A Case Against Preschool


We’ve talked a lot about school and Preschool here on SMB. What makes our team of writers so great is the diversity of experiences and perspectives. I realized that I hadn’t yet provided my perspective to the whole Preschool Discussion and that, of course doesn’t provide YOU with all the information about what Scottsdale Moms are actually doing. 🙂

Please note that this post reflects my personal perspective and it is not intended to make moms who’ve made a different choice from me feel badly. I am challenging the norm and asking you to consider a new perspective.


IMG_3592As my daughter Reagan creeps into her Preschool years, I am faced with the pressure to find the Best Preschool in the Valley for Her. Preschool seems to simply be “the next milestone” that she is supposed to pass through. She will be four in August so, naturally, she should start Preschool this Fall.

But, she won’t.

I will be her teacher.

I don’t have a degree in Early Childhood Education or anything that would allow me to instruct classrooms full of students as a profession. I’m pretty “unqualified” if you look at my experience (I’ve never been around children much before having my own). As I look at the Preschool options, I’m struck by the messages that seem to imply  or boldly state that I don’t know what to teach her or what a child her age needs. I am reminded constantly that I didn’t get the right degree (I majored in Communication Studies). I’m not trained in how to educate a child. I am unqualified. Or am I?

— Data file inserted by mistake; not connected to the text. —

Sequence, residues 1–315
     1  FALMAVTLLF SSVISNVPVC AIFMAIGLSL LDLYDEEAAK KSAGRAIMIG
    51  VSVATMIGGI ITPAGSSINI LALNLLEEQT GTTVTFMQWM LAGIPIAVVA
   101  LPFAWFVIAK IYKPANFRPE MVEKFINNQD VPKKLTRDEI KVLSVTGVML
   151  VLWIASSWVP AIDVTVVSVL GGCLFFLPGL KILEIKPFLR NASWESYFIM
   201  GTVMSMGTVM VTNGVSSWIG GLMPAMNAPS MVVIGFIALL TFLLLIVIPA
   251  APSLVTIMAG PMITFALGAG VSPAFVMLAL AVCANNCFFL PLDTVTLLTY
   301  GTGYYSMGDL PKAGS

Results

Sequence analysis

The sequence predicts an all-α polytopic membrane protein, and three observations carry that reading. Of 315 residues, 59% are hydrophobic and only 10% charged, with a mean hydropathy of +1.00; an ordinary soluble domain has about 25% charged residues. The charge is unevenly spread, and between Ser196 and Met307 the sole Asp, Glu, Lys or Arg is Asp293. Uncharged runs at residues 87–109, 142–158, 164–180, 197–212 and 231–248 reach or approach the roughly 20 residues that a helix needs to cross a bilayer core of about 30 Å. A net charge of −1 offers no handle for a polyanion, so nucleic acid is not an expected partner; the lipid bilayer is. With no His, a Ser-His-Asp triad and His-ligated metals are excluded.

I’ve actually taken the time to discover what is recommended for Preschoolers to learn. I have been both encouraged and overwhelmed by all of the information telling me what is best for my daughter and how I can help her succeed. There are online resources: PBS. Veritas. The US Government. Pinterest. They all have an opinion and can be helpful tools. But, the more I read, the more overwhelmed and lost I became. Then, I started feeling stupid, unqualified, bewildered at all the possibilities, the complexity of it all.

Then I realized that part of the problem was the sources themselves. Instead of helping me think for myself about what is best for MY FAMILY, MY CHILD, MY SITUATION, each of these resources are cramming my child into a one-size-fits-all-box. And that is when the light came on for me. I realized that if I were to help my children make it to adulthood, I need to know what the goal is. Where do I want my children to end up by the time they are 18? What skills do they need to have by the time they leave my home?